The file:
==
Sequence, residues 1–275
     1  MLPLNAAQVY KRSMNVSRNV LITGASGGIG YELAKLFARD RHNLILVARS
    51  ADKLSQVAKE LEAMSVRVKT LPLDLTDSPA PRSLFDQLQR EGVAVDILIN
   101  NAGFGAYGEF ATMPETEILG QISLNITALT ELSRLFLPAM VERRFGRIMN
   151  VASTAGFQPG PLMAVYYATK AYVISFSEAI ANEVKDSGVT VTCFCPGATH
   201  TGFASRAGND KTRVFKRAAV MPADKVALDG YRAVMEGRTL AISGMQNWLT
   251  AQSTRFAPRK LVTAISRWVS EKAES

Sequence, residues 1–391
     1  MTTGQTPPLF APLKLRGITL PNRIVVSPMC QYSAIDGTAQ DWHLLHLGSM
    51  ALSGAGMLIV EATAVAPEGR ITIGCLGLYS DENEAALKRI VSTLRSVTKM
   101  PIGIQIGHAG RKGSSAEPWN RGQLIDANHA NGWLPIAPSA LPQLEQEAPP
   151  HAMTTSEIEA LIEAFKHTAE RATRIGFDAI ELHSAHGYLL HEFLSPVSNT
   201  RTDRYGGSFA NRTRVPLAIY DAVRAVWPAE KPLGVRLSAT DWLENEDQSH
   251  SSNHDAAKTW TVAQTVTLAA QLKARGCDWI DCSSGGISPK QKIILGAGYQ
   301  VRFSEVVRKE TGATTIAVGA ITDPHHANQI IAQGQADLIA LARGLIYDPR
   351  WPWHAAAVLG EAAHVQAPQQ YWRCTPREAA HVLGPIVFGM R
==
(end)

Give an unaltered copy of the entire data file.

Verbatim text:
Sequence, residues 1–275
     1  MLPLNAAQVY KRSMNVSRNV LITGASGGIG YELAKLFARD RHNLILVARS
    51  ADKLSQVAKE LEAMSVRVKT LPLDLTDSPA PRSLFDQLQR EGVAVDILIN
   101  NAGFGAYGEF ATMPETEILG QISLNITALT ELSRLFLPAM VERRFGRIMN
   151  VASTAGFQPG PLMAVYYATK AYVISFSEAI ANEVKDSGVT VTCFCPGATH
   201  TGFASRAGND KTRVFKRAAV MPADKVALDG YRAVMEGRTL AISGMQNWLT
   251  AQSTRFAPRK LVTAISRWVS EKAES

Sequence, residues 1–391
     1  MTTGQTPPLF APLKLRGITL PNRIVVSPMC QYSAIDGTAQ DWHLLHLGSM
    51  ALSGAGMLIV EATAVAPEGR ITIGCLGLYS DENEAALKRI VSTLRSVTKM
   101  PIGIQIGHAG RKGSSAEPWN RGQLIDANHA NGWLPIAPSA LPQLEQEAPP
   151  HAMTTSEIEA LIEAFKHTAE RATRIGFDAI ELHSAHGYLL HEFLSPVSNT
   201  RTDRYGGSFA NRTRVPLAIY DAVRAVWPAE KPLGVRLSAT DWLENEDQSH
   251  SSNHDAAKTW TVAQTVTLAA QLKARGCDWI DCSSGGISPK QKIILGAGYQ
   301  VRFSEVVRKE TGATTIAVGA ITDPHHANQI IAQGQADLIA LARGLIYDPR
   351  WPWHAAAVLG EAAHVQAPQQ YWRCTPREAA HVLGPIVFGM R